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Sunday, July 5, 2015

Cajun dictionary of Lousiana foods

Wednesday, January 9, 2013

When you are outside shopping and you see words you do not understand exactly what they are or mean but you have heard of it, try this column for the Cajun language. We need to know more about the Cajun's since the area is so close to Kennett and is full of the best foods to eat in the entire United States. Try them and you will like the simple but delicious foods of Arcadia.

Amandine (ar-man-deen) is a method of serving fish or seafood with a lemon butter sauce topped with toasted, slivered almonds.

Andouille (ahn-doo-wee) is a lean, spicy, smoked Cajun pork sausage that adds great flavor. Use in gumbos and jambalaya dishes, and it's served grilled with red beans and rice.

Beignet (bin-yey) is a square French doughnut, deep fried and dusted with powdered sugar.

Bisque (bisk) is a rich, thick creamy soup made from seafood. In Cajun country, it is made with crawfish or shrimp.

Blackened is a method of cooking invented by a Cajun country native, Chef Paul Prudomme. It is not part of traditional Cajun cooking but the spices and the quickly seared meat in butter in a cast iron skillet to get a crunchy coat have become part of the Cajun and Creole cooking. Do not burn, over-char or put excruciatingly spice with pepper on the meat. I use a blackened seasoning mix from a restaurant from Chicago.

Boudin (boo-dan) is a nicely seasoned Cajun sausage traditionally made of pork and rice and spices. There are several different versions. Some are hot, mild, smoked, and some made with Louisiana seafood such as crawfish and shrimp.

Boucherie was a period before freezers and large refrigeration. Families and neighbors would get together to butcher the fatten calf or pig and divide the various cuts of meat amount the participants. If a pig joined in to be slaughtered, the Cajuns would make such dishes as boudin and hogshead cheese from its participation.

Bread Pudding is a traditional New Orleans dessert made from yesterday's French bread. The loaf is broken up, soaked in custard and baked until golden brown. Restaurants usually serve the pudding with whiskey sauce.

Cafe au Lait (caf-ay-oh-ley) is a half and half blend of strong chicory coffee and hot milk. It means coffee with milk.

Cajun Cuisine is the cooking of the Cajun people, the transplanted Acadians expelled from Nova Scotia in the 1750s who settled in Louisiana. Coming out of hard times, Cajun cooking traditionally involved one large pot and offer stretched limited offering to feed many.

Cajun Sausage is famous in South Louisiana. Chaurice, Duck, Alligator, Crawfish, Pork, Chicken, Shrimp Sausages are just a sample of the many kinds of special sausages made in Cajun country.

Cane Syrup is rich sweet syrup extracted from Sugar Cane and tastes great on pancakes and waffles and is an essential ingredient in Louisiana Pecan Pie and lots of other favorite Southern dishes. Steen's is the best.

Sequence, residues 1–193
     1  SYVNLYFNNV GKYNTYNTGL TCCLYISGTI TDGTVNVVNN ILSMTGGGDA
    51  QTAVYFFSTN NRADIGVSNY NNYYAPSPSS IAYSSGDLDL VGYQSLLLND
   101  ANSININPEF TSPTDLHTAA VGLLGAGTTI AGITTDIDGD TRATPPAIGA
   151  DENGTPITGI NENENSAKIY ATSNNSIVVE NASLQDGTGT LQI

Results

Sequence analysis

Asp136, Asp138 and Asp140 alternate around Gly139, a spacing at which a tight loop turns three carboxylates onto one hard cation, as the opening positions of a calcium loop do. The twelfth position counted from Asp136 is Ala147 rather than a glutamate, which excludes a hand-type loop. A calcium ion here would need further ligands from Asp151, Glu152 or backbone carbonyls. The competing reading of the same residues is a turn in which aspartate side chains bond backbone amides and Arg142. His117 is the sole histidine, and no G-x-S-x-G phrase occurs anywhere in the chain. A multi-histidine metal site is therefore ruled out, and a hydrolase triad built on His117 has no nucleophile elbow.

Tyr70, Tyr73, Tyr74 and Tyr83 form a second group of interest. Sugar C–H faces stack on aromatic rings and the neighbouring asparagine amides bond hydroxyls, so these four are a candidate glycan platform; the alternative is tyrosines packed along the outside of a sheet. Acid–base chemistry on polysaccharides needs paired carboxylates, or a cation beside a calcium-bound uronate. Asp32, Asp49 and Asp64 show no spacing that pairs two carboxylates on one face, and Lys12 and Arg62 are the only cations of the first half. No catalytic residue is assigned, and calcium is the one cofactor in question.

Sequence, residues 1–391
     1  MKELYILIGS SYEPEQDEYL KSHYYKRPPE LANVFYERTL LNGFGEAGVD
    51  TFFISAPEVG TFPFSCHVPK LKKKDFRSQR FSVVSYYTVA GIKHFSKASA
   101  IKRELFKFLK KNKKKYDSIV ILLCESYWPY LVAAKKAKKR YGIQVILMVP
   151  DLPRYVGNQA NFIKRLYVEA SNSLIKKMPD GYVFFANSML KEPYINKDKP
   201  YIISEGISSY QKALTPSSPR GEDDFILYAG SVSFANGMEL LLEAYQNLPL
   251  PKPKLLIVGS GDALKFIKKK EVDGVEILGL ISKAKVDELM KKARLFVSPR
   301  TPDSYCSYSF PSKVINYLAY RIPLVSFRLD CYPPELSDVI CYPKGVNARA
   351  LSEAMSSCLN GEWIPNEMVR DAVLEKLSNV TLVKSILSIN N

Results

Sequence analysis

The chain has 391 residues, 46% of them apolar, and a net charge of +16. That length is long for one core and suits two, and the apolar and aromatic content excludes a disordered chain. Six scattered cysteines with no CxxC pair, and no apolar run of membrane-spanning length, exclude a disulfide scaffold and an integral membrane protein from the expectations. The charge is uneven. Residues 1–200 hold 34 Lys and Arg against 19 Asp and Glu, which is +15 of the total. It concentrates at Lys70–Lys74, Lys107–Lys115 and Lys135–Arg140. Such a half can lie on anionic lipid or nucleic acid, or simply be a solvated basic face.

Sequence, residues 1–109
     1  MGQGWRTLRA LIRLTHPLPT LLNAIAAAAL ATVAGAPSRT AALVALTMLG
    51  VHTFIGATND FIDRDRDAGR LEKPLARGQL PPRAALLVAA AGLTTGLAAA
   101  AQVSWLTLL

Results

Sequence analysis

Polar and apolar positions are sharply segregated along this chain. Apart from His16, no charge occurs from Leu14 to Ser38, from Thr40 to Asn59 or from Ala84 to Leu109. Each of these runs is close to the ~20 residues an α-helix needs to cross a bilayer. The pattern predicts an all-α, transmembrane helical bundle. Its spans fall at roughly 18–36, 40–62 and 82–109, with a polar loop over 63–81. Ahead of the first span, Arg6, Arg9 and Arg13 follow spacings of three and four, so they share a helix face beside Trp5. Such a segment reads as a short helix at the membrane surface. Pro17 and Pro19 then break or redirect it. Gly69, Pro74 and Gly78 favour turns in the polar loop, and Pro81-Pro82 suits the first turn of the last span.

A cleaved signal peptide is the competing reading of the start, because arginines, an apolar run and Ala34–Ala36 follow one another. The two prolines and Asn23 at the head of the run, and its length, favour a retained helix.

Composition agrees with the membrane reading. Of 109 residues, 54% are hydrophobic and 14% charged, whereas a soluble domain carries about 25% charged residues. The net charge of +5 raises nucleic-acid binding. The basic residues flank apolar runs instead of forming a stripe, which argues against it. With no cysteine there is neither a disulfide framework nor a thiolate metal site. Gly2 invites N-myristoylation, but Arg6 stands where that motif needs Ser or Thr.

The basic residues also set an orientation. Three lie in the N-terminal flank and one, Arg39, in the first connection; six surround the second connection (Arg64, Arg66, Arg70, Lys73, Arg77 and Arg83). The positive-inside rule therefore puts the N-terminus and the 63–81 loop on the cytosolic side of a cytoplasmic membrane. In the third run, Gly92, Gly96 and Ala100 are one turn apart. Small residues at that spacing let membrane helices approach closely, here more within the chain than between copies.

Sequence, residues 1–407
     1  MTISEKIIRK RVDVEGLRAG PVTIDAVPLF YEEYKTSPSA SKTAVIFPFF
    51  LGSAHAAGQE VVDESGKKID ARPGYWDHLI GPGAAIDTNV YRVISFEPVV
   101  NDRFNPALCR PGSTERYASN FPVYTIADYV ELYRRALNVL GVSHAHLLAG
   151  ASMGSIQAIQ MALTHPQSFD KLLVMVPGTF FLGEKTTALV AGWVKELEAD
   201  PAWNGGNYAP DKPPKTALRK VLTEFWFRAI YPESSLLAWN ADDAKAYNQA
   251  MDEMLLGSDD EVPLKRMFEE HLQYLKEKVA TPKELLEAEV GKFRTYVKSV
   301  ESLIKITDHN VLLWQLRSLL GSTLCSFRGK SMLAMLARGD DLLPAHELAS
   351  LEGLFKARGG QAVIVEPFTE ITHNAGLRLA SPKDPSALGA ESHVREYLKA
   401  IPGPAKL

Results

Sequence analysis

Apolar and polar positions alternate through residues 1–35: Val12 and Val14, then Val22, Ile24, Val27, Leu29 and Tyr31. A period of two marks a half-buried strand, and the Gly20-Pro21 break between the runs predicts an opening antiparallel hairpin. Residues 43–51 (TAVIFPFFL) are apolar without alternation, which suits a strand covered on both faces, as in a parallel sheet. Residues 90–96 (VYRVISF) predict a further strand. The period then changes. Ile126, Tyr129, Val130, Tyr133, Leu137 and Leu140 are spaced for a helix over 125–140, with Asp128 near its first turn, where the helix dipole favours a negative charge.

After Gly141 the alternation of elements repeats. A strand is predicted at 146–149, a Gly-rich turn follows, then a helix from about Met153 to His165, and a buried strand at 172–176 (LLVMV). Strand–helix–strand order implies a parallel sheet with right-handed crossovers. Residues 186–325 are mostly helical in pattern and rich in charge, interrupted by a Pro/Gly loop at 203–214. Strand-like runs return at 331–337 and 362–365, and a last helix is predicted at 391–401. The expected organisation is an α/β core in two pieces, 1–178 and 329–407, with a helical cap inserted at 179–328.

Chicory is an herb ground, roasted and used to impart the unique flavor of New Orleans coffee. A bit bitter in taste.

Cohon de Lait (coo-shon duh lay) is an even when a suckling pig is roasted over a blistering hickory fire until the inside is tender and juicy and the outside brittle as well-cooked bacon.

Coutbouillon (coo-boo-yon) is a spicy Louisiana stew made with fish, tomatoes, onions and vegetables, and typically thicken with a Creole Roux.

Crawfish is the tasty freshwater crustaceans, locally known as "crawdads" or "mudbugs". In Louisiana they are called "crayfish". Cooked in gumbo, etouffee, and various other South Louisiana dishes. In season (which usually runs from early Spring through to mid Summer), the crayfish is shipped throughout the country. Purchase five pounds with hot corn on the cob, boiled potatoes, a green salad, and some cold beer and you are ready for the height of joy in the South.

Crème Brule's (French for:"burnt cream") is a dessert consisting of a rich custard base topped with a layer of hard caramel, created by burning sugar under a grill or other intense heat source. It is usually served cold in individual ramekins. The custard base is normally flavored with just vanilla, but it can be enhanced with chocolate, liqueur, fruit, etc. Sometime the harden sugar on top will be caramelized by igniting a layer of liqueur sprinkled over the top.

Creole Cuisine is New Orleans cuisine and is derived from French, Spanish and African cooking techniques, aided by some Native American ingredients and dishes and making use of regionally available produce, meat and seafood. It is a city cuisine commonly employing sauces and more involved preparations.

Creole Mustard is a spicy version of mustard made in South Louisiana using select mustard seeds that are marinated before procession. Zatarain's Spicy Creole Mustard is the best.

Deep Fried Turkey is the Cajun way to cook turkey, where the bird is immersed in a pot of cooking oil.

Dirty Rice is a rice dish sautéed with green peppers, onions, celery and variety meats. Zatarains also produces a good product.

Dressing in Louisiana is synonymous with stuffing, or a side dish for a meal. In Kennett I would not touch on this subject with any of the city or country cooks around. This is a give me.

I will go on for another column since there many ideas placed in each definition. Just put this in your personal cookbook for references for the future.

Have a Happy

Larry Eiker is a Kennett resident who enjoys traveling all over the world and experiencing great food, while bringing some of those ideas back home to the Bootheel to share with others.

Larry Eiker
Eiker's Burgoo of Food Ideas